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Need to restore Mac to factory settings?
If you decide to sell or give away your Mac, you'll need to wipe your data in order to set up your Mac like a new one. Not only is it essential for your privacy, but it is also the right way to prepare your MacBook for another owner. Resetting Mac to factory settings includes several steps. Here’s the brief outline of them:
- Data backup
- Deauthorizing iTunes on macOS Mojave or earlier
- Signing out iCloud and iMessage
- Resetting NVRAM
- Erasing Mac hard drive in Recovery Mode
- Reinstalling macOS
Continue reading to learn how to factory reset MacBook Pro or any other Mac computer just as it was new.
Note: This guide is relevant to Mac Pro, iMac, MacBook, MacBook Pro, and MacBook Air.
The ultimate checklist to factory reset MacBook Pro
Step 1. Back up your data
When you factory reset MacBook Pro, all the information you have on your hard drive is wiped off. That’s why you need to create a backup to save your important files and data. This is like cloning your hard drive and keeping it for some time.
You can manually back up all your files and apps by copying everything to an external drive or iCloud. However, the faster and more secure way to back up your Mac is Time Machine — Mac’s built-in software. It allows you to recover individual files and restore your whole hard drive in the event of a catastrophe.
However, before you use Time Machine, make sure to clean up your Mac. You don’t want to back up all the junk it contains, do you? Plus, a backup will go faster and more smoothly if your Mac is not cluttered. For a quick cleanup, you can use a utility like CleanMyMac X. It will help you remove large and old files, useless apps, caches, and system junk in two clicks.
Here's how to clean GBs of junk in under 5 minutes:
- Download CleanMyMac X and launch it.
- Click Scan.
- Click Run.
Once you’ve cleaned up your Mac, enable Time Machine backups:
- Go to the Apple menu in the top left corner of your screen and choose System Preferences.
- Select Time Machine.
- Click the Select Disk button.
- Choose the disk you’d like to use as a Time Machine backup, then click Use Disk.
Note that your first backup may take a long time, depending on how many files you have. But don’t skip this step — the backup will allow you to restore all your data should something goes wrong when you factory reset Mac.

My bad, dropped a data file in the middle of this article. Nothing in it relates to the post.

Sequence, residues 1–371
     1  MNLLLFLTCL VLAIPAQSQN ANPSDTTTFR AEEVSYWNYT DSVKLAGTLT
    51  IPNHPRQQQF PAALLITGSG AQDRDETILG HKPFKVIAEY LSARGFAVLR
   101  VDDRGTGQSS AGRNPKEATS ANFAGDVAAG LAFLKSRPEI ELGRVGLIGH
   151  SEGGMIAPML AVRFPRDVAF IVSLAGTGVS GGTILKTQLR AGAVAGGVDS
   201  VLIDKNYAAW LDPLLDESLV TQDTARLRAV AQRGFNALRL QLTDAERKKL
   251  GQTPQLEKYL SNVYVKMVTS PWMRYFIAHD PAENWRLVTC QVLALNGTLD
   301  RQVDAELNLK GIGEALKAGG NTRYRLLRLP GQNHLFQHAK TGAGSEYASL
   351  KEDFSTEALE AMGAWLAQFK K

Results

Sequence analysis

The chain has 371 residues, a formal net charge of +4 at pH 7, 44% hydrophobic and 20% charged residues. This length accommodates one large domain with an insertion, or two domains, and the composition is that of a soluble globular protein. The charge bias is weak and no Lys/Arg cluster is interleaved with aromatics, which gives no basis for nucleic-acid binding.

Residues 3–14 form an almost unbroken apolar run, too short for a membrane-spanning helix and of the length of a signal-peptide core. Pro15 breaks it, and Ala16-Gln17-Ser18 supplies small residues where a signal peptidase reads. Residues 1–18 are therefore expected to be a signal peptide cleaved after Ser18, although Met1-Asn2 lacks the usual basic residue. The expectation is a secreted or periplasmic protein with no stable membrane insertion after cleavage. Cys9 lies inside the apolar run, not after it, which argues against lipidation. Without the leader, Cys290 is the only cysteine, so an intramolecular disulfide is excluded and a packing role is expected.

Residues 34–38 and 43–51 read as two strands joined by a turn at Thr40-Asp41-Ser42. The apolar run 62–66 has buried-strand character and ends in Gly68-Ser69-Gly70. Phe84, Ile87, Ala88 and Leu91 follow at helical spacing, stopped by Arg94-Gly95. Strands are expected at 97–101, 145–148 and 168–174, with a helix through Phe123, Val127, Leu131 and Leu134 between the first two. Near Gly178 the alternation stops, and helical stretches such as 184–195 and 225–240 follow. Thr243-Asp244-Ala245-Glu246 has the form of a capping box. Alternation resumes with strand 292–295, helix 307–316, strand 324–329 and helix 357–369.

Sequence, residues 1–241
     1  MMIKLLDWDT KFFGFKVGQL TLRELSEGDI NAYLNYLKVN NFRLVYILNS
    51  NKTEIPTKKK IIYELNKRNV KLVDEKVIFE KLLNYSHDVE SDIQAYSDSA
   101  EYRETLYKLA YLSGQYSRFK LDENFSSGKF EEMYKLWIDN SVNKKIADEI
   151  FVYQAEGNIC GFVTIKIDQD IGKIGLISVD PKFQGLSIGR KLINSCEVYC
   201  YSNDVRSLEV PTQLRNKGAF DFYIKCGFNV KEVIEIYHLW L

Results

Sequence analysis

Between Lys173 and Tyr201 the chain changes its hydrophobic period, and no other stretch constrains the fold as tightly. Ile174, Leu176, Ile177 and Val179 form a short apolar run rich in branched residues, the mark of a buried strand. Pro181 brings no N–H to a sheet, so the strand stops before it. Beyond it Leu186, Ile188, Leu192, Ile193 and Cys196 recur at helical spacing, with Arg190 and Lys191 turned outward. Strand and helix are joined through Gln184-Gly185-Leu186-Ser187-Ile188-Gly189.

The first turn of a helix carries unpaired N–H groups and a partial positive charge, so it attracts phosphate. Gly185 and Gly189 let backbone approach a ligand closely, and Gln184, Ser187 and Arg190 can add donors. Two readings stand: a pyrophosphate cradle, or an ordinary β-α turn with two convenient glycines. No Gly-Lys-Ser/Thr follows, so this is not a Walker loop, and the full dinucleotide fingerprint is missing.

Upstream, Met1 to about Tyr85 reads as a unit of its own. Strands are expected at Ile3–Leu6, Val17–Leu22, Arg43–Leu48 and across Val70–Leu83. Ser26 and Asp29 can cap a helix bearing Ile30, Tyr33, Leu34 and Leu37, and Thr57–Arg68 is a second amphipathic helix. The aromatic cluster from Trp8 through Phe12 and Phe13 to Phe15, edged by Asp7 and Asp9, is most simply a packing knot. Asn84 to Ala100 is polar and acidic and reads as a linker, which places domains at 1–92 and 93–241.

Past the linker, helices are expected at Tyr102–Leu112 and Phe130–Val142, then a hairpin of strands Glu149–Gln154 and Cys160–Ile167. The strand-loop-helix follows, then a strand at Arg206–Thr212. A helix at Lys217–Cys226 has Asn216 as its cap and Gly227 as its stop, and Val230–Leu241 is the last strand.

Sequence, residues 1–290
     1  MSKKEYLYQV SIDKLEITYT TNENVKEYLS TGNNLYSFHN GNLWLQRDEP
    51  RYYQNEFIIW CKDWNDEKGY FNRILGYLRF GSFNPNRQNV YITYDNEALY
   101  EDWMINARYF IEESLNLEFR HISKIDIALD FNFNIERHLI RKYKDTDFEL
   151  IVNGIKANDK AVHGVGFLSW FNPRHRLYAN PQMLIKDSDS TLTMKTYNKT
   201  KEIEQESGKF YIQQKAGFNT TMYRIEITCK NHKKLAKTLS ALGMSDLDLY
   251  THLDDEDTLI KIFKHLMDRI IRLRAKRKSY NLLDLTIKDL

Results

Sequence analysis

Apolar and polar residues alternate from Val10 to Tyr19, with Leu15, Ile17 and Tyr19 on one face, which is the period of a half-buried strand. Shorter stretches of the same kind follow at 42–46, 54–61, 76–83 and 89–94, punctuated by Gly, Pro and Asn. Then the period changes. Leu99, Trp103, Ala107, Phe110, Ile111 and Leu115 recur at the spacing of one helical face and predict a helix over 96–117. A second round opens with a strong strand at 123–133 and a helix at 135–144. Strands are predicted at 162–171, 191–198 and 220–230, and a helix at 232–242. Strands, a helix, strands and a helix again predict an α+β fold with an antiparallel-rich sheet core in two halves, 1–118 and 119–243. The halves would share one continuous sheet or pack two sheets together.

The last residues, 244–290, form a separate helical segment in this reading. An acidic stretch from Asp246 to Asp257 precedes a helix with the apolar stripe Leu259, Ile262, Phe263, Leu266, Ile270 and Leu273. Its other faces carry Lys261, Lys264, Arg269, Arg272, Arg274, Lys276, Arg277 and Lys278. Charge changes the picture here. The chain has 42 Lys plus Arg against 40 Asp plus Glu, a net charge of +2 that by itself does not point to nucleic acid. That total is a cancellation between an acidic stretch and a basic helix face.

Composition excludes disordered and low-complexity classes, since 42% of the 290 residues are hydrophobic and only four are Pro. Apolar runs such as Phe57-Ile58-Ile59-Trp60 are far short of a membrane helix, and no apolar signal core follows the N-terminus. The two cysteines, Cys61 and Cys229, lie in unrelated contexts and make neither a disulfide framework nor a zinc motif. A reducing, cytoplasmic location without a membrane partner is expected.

Once your files are backed up, next be sure to disable any services associated with your system, including iCloud, Music, and Messages, and deactivate programs on your Mac. Just take your time to sign out of everything to avoid those “after the sale” calls from a new user.
Step 2. Deauthorize iTunes
Note: This step is required only if you're using macOS Mojave or earlier.
Did you know you can authorize up to 5 computers, which means you can play your content just on 5 different Macs? That’s why you need to make sure your computer is not linked to your iTunes account when it gets a new owner. Don’t save this step for later.
Here’s how to sign out of iTunes:
- Open iTunes on your Mac.
- Click Account in the menu bar.
- Choose Authorizations > Deauthorize This Computer.
- Provide your Apple ID and password.
- Click Deauthorize.
Do you need to turn off FileVault to do a factory reset?
Some sources on the Internet recommend turning off FileVault before doing a factory reset. FileVault encrypts your data and prevents unauthorized access to the information on your startup disk. So, even if you are going to sell your Mac, the purchaser won’t be able to access your data as they’d need your password to decrypt it. Complete factory reset covers erasing your startup disk (described in Step 7), which will make the recovery of your data impossible. Therefore, there is no need to turn off FileVault, as your data can’t be accessible in any readable form after you erase the drive.
Step 3. Sign out of iCloud
Sign out of iCloud to make sure that any remnants of the cloud data, such as bookmarks, notes, reminders, etc., are not visible to a new user.
Follow these steps to turn off iCloud:
- Choose Apple menu > System Preferences.
- Select Apple ID.
- Select Overview in the sidebar.
- Click Sign Out.
If you're running macOS Mojave or earlier, go to Apple menu > System Preferences, choose iCloud. Then click Sign Out.
Step 4. Sign out of iMessage
Before you restore Mac to factory settings, be sure to sign out of iMessage. Here’s how to do that:
- Open up Messages.
- Click Messages in the menu bar in the top left corner of your screen.
- From the drop-down menu, choose Preferences.
- Click iMessage, then click Sign Out.
As simple as that!
Step 5. Reset NVRAM
NVRAM (nonvolatile random-access memory) is a type of memory your Mac uses to store certain settings, such as your selected startup disk, sound volume, screen resolution, and the last kernel panic. Resetting NVRAM will restore certain features you might have changed previously.
- Shut down your Mac.
- Start up your Mac and press and hold Option-Command-P-R.
- Hold the keys for 20 seconds, then release.
Mac Os Restart Network